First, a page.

CITY OF PHARR, P.S.J.A Independent School District and Hidalgo County, Appellants, v. BOARDER TO BOARDER TRUCKING, SVC., INC., et al, Appellee.
Appellants, the City of Pharr, Pharr San Juan Alamo Independent School District and Hidalgo County, Texas, appeal the District Court's judgment which lowered the amount of taxes the appellee, Boarder to Boarder Trucking Inc. (Boarder), owed. Appellants argue through six points of error that: (1-4) the District Court lacked subject matter jurisdiction to (a) reduce the appraised values of Boarder's property, (b) make findings of facts on this matter, (c) make conclusions of law on this matter, and (d) permit a taxpayer to defend a delinquent tax suit based on partial non-ownership of the property being taxed; (5) Boarder trucking failed to exhaust its administrative remedies; and (6) there is insufficient evidence to support the District Court's findings of fact. We affirm.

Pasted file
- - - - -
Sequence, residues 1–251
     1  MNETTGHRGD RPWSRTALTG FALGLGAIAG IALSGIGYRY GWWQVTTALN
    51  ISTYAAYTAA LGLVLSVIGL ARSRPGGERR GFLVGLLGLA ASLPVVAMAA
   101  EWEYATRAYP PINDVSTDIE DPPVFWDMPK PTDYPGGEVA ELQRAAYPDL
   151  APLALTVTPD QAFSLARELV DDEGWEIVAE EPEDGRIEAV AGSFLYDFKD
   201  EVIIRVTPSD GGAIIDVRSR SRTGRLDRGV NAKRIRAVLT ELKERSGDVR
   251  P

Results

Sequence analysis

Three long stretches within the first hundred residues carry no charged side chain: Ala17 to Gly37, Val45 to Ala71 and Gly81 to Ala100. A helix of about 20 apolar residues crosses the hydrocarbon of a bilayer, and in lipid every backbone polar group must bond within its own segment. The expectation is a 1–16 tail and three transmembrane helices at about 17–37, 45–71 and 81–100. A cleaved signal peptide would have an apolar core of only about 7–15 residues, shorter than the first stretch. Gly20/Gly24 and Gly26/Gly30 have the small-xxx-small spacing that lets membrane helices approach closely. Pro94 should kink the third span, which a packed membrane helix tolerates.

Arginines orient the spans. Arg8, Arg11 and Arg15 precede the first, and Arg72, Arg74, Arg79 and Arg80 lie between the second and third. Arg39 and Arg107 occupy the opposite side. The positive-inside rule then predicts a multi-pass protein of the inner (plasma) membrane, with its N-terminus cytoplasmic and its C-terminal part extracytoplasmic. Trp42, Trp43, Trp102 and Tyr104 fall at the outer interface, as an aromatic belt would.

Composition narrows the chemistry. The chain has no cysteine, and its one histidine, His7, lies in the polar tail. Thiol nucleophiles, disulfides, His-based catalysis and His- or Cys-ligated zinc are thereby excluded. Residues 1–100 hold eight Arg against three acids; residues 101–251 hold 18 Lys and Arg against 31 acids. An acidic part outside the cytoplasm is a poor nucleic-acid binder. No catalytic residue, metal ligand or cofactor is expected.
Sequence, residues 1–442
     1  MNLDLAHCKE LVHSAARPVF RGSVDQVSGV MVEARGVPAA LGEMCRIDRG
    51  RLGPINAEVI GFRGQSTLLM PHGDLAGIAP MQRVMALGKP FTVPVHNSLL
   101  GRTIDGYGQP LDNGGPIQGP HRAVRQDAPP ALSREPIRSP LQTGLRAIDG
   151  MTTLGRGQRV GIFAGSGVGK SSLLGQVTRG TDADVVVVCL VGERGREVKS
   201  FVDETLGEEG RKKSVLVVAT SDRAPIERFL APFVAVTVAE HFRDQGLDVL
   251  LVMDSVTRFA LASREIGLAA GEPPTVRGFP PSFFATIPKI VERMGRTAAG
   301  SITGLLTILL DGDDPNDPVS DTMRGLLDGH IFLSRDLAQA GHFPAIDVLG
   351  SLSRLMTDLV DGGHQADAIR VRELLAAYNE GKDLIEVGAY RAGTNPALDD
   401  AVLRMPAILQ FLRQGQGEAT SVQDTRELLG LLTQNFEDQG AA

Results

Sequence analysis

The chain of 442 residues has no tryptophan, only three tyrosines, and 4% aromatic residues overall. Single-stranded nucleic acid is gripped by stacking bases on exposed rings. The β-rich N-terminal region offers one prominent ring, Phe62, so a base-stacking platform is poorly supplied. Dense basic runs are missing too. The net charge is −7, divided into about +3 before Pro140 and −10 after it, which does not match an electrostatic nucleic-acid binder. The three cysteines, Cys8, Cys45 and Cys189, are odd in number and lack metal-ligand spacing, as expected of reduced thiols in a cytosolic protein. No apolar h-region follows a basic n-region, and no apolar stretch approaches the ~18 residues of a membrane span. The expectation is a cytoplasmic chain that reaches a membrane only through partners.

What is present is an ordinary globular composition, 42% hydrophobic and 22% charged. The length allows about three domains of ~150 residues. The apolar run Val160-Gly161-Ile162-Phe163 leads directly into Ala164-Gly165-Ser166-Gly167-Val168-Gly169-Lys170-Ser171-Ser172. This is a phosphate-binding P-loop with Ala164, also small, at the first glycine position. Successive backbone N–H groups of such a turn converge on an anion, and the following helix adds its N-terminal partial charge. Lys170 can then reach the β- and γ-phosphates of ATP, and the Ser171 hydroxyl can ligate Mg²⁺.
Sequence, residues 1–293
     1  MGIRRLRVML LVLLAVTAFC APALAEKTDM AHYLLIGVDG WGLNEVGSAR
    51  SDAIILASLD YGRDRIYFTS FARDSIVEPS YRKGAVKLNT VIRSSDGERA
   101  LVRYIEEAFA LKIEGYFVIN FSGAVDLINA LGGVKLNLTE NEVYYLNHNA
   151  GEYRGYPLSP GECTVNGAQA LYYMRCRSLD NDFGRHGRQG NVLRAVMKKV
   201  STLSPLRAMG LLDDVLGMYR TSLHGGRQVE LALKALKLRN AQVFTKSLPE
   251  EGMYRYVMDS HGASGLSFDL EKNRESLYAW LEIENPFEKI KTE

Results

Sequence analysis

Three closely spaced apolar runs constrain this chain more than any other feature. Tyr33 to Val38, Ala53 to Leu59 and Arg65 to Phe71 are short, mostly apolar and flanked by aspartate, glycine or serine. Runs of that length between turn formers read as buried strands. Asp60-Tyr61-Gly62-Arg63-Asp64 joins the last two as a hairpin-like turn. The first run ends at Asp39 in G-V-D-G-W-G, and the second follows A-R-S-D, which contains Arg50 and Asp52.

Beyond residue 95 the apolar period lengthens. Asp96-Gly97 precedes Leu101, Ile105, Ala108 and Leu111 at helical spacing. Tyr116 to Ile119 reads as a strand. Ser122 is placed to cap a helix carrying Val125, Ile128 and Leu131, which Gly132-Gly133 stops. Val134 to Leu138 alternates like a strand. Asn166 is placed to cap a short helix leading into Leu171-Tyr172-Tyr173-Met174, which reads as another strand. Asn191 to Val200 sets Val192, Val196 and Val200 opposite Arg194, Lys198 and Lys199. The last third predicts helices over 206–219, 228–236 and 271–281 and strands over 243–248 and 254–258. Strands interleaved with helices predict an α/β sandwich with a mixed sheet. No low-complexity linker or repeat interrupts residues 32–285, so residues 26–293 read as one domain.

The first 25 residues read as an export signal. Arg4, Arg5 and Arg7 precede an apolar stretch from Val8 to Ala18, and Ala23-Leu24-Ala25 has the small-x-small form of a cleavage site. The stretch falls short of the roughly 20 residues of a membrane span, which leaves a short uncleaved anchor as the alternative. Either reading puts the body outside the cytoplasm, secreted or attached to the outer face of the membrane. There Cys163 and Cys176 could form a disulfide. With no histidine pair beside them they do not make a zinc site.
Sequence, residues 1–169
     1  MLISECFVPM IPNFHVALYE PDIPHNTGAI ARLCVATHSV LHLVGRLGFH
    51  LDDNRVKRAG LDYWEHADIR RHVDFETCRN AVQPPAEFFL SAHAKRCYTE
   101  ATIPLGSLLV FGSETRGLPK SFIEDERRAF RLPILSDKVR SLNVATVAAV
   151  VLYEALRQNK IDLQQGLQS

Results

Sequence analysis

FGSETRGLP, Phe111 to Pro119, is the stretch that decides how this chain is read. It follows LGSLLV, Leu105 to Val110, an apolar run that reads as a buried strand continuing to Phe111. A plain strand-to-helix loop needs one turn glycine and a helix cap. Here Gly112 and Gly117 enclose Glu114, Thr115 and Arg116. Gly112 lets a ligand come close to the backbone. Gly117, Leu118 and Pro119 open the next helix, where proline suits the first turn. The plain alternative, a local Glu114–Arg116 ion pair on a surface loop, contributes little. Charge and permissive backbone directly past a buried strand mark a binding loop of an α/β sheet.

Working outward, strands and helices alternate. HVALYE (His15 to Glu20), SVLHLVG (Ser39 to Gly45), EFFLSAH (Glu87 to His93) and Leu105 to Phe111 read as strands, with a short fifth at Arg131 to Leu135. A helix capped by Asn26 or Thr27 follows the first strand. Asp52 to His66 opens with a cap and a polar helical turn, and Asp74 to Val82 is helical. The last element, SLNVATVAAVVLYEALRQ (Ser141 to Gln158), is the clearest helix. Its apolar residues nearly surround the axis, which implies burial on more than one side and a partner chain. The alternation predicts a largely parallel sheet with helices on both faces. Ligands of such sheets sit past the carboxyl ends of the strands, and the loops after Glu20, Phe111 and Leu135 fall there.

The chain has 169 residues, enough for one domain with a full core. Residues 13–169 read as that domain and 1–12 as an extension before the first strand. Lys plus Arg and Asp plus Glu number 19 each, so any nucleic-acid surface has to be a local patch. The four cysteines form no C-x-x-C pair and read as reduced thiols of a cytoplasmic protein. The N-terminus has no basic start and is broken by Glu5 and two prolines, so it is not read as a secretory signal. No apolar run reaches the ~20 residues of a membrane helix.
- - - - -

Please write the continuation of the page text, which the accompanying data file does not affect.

This case arises out of taxes assessed on Boarder's personal property between 1989 and 1995. The taxes were based on an appraised value set by the Hidalgo County Appraisal District. The personal property value totaled $768,653, of which $754,800 is attributed to twelve vehicles, all of which Boarder denies ownership. In 1989 Boarder protested that value arguing that the trucks in question were leased or owned by owner-operators.1 Their protest was denied. Appellants subsequently filed suit to collect delinquent ad valorem taxes. Following a bench trial, the District Court ruled that appellee did not own personal property having a value as great as had been assessed to it for taxation. The judgment reduced the taxes owed to reflect the appellee's non-ownership of the twelve vehicles.
Subject Matter Jurisdiction
Appellants' first four issues challenge the District Court's subject matter jurisdiction. They argue that the district court's lack of subject matter jurisdiction prevents it from: (1) reducing the appraised values of Boarder's property, (2) making findings of facts on this matter, (3) making conclusions of law, and (4) permitting a taxpayer to defend a delinquent tax suit based on partial non-ownership of the property.